Foreign plays attempting to build a life in the UK have long had to prove their good intentions by undergoing painstaking adaptations. Plays from English speaking countries get a free pass; everyone else, whether an emerging new name, or a big gun the size of Chekhov, is usually assigned an established local playwright to turn a simple, cohesion-threatening translation into an assimilated, integrated adaptation. ‘In a new version by’ guarantees safety.
To a foreign eye this has far-reaching implications. By subjecting everyone from Aeschylus onwards to Britification by default, theatre in the UK is signalling a deep disinterest in all forms of otherness. Without faith in translations and imports, what immigrants face is a comprehensive lack of representations on stage – not national representations, but ones that accept that ‘other’ is not inherently incomprehensible. No wonder they turn to job stealing.
I’m Not Jesus Christ at Theatre N16 is a welcome exception to the rule. Written by Maria Manolescu and translated by Cristina Catalina it appears to have made it to the London production without much if any forced appropriation. The play – and the performance – takes place in a destitute corner of a Romanian city, where the 11 year old Mihai is growing up in an abandoned garage and in complete isolation, under the watchful eye of his mother who is convinced he is Jesus Christ. Romania is not just the backdrop for the play, but also the cultural, political and socio-economic context it draws its narrative from, a fact Melissa Dunne’s production embraces rather than runs away from. This religious fanaticism is happening in a post-communist country; in this universe the infamous Romanian orphanages are not a trope of Eastern Europeanness, but a fact of long-lasting state negligence. The characters of I’m Not Jesus Christ inhabit a world filled with mistrust, poverty and fear. In the hands of the Daily Mail these ingredients would metastasise into a story of fundamentally backwards people; in the hands of Papercut Theatre they are a critique of turbo-capitalism, welfare policies (or lack thereof) and patriarchy, all in a country that ignores problems too big to fix.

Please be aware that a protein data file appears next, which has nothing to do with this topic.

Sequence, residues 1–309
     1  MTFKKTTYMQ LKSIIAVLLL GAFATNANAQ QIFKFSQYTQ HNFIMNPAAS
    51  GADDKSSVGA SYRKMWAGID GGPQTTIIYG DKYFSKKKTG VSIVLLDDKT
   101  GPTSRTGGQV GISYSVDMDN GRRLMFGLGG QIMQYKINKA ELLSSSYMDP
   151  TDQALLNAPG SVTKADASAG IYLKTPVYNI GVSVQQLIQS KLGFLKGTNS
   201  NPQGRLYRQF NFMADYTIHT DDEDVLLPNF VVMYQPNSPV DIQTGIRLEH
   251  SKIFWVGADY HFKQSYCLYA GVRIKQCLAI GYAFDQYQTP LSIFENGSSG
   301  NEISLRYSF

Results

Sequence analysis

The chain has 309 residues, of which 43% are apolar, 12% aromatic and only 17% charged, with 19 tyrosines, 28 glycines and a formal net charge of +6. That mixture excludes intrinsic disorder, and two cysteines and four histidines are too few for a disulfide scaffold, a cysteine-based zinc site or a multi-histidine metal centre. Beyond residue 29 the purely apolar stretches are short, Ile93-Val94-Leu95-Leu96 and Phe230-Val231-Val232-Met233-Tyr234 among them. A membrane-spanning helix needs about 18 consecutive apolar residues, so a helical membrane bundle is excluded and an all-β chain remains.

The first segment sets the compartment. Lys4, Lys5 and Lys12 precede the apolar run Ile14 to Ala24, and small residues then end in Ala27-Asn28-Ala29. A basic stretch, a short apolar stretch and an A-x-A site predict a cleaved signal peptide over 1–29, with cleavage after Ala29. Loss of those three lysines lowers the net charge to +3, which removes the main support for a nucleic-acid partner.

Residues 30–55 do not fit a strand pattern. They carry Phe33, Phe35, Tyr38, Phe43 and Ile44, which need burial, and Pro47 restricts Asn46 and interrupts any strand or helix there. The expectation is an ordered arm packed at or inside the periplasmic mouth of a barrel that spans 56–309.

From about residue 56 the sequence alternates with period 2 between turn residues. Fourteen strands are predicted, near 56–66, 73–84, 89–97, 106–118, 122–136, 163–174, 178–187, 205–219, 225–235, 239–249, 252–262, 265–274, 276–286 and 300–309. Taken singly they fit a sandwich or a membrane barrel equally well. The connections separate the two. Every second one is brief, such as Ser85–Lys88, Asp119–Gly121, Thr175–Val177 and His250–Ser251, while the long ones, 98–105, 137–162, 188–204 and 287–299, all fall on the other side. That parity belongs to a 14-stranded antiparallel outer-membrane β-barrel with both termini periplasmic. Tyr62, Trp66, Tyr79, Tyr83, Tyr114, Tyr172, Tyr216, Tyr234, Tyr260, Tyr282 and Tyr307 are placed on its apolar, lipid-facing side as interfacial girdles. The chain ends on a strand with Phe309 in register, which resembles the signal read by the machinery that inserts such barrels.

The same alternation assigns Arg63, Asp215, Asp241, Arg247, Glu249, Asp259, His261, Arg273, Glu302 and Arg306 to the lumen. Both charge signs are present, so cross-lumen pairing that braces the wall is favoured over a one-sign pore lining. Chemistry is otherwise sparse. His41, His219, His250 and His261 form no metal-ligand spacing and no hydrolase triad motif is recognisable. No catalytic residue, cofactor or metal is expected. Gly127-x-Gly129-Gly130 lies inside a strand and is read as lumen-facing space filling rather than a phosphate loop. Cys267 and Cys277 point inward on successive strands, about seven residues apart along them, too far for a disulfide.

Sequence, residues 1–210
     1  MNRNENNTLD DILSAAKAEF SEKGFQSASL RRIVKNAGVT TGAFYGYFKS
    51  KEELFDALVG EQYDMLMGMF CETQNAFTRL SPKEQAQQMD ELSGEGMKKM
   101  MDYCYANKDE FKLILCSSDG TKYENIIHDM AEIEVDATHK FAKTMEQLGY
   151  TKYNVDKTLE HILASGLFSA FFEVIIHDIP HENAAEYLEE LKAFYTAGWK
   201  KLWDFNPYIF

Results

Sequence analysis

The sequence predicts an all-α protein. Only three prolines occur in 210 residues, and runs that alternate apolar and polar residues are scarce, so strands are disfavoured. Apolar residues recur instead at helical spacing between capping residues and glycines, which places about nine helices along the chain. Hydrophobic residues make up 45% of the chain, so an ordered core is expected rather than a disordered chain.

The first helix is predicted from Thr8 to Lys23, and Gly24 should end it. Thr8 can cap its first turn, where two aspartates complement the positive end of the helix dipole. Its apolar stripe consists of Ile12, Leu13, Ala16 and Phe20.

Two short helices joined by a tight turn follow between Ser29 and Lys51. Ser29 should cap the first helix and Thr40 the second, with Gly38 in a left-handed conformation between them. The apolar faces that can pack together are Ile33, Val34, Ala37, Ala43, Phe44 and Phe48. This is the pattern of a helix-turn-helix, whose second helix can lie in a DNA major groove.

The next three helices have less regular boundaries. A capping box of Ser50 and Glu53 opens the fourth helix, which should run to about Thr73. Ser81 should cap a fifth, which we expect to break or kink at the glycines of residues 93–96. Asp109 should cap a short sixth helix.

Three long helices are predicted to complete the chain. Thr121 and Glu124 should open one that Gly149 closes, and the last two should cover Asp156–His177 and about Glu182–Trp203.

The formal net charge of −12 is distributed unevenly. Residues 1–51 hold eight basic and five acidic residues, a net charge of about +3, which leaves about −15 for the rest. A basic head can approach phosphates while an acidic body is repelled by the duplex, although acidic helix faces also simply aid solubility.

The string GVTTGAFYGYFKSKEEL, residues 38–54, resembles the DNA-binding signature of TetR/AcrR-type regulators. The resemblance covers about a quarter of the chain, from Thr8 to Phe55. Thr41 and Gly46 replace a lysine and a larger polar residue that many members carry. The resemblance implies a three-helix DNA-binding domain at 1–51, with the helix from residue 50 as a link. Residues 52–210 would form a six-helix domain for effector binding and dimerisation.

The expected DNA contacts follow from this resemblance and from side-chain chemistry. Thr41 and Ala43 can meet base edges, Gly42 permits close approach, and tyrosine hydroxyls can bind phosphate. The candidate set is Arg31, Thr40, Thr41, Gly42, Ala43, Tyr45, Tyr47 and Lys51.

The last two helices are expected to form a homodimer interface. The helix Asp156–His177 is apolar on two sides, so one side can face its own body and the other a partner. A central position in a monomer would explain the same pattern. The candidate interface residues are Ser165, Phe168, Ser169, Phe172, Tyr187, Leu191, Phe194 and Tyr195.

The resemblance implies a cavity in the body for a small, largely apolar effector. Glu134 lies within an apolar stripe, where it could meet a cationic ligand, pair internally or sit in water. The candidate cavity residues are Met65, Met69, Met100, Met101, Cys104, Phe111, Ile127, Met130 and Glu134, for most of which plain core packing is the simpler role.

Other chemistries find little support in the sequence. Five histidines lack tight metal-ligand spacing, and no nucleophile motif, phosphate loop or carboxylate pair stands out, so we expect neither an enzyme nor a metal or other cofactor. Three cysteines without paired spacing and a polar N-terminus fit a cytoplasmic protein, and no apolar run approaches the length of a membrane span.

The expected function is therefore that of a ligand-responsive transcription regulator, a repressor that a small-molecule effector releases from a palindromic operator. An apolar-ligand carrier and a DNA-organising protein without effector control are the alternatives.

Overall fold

I’m Not Jesus Christ is perhaps deeply rooted in Romania but it also presents a strong case for translation against adaptation. The historical and state mechanisms it explores may draw their specificity from one country, but issues of child abuse, institutional cover ups and a general disinterest in the poor are hardly foreign topics to others, the UK included. This is evident despite the fact that the performance lacks a dramaturgical focus, occasionally makes superficial choices, and attempts to cram a very theatrical scenography into a fundamentally non-theatrical space. In the 2007 play Mihai wants to be Michael Schumacher and not Jesus; in 2016, the performance doesn’t begin to address the dramatic change of meaning inherent in this idolisation. The costumes shy away from illustrating poverty, but end up being caricature depictions of sex workers and religious zealots. The performance jumps from child abuse to abuses of nationalism, to endemic gender inequality, to the power of organised religion, refusing to zoom in on one of those grandiose topics. Then there are all the unanswered questions: is everyone’s obsession with television as a be all and end all medium a reflection of a world lagging behind or a world as it was in 2007? How about the fact that Ana, a frequently beaten-up and abused prostitute, is Irish – in a performance that puts heavy emphasis on institutional neglect of women, is that subtext or the luck of casting? There’s a distinct lack of decisiveness in this performance; as a result it’s hard to be sure which elements of the show are a sign of intent and which a semiological coincidence.
I’m Not Jesus Christ also comes with some gems: Sharon Duffy’s Ana is a nuanced miniature, a young woman that’s terrified but hard-hitting, desperate but somehow full of life, eager to help and take advantage of at the same time. First and foremost however, this performance adds to the small but growing collection of shows that investigate the realm of translated contemporary text, proving it’s not just words but humour, politics, and problems that translate. For the foreign eyes in the audience, it’s also a small contribution to the tiny pot of theatre representations devoid of (metaphorical) subtitles.
I’m Not Jesus Christ is on at Theatre N16 until Thurs 26th May. Read more or book tickets here.